The monster, aptly called the Mind Flayer, becomes part of Will, possessing him, draining him and occasionally seeming to replace him with another person entirely. No wonder Will often walks around in a quiet and subdued fearful state. His submissive anxiety is something to which I can very much relate. It is like looking into my past. Although I have grown in confidence and combative ability, I still can’t drive, I indulge in one of my passions, surfing, rarely and carefully. When I am feeling particularly vulnerable, as Will does occasionally, I am often scared of being alone, or in crowds.

Families and friends of those with epilepsy, do you feel a little déjà vu when I tell you that Will has trouble using words to describe his experiences with the Mind Flayer and in the scary ‘other place’ he calls the upside down? In his case, he finds it much easier to use visual representations, such as drawings. This is because he primarily experiences his so called ‘episodes’ visually, whereas I experience mine in the form of sound. But we still try. Will tries to tell his mother and a local police officer how it felt

Will: “I don’t know. It came for me, and I tried to make it go away. But it got me”

Mum: “What do you mean?”

Will: “I felt it everywhere. Everywhere.”

Like the Mind Flayer, epilepsy is a hunter on the offensive that you feel everywhere. It emerges out of nowhere as an adversary that you can’t see, can’t do anything about and can only feel after it’s too late. Something irresistible that must be defended against, but rarely ever can be. And when it gets you it is everywhere in your world, filling it up until there is nothing of reality left outside the crazed, uncontrollable noisy mess of the fit.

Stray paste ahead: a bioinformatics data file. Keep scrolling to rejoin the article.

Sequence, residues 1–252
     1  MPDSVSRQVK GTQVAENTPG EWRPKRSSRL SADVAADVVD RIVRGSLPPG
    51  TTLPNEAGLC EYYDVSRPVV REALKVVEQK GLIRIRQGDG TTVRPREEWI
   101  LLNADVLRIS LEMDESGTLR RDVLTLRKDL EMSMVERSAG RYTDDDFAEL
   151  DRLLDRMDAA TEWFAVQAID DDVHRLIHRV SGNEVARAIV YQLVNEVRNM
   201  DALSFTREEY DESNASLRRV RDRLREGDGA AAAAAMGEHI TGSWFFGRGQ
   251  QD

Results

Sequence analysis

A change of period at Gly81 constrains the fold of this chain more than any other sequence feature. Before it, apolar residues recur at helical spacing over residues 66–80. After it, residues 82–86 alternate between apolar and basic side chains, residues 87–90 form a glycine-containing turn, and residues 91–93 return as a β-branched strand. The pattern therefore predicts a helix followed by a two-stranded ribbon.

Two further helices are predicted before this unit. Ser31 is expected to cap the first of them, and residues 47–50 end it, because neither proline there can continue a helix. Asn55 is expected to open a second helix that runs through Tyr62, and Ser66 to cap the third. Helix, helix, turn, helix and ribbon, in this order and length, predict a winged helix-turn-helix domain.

Will talks to his mother about another aspect of the monster’s attacks that I find oddly familiar, saying: “It’s hard to explain. It’s like old memories in the back of my head, only they’re not my memories … I don’t think they’re old memories at all. They’re now memories, happening all at once, now … It’s like they’re growing and spreading. Killing.”

I’ve mentioned déjà vu already. It’s a big part of my epilepsy experience. A sequence of memories that don’t make sense. That all come all at once during a fit, pushing their way into my head for no reason and with no sense. They never feel like old memories, they always feel like they’ve just happened and yet they’ve been there forever. The perfect, imperfect déjà vu. And yes, they do grow … and spread … and kill. Until there is nothing left in my head except them … and darkness. 

Epilepsy is always there. It’s a threat no matter where I am in the world, yet it’s always just out of sight. Just like Will’s monster.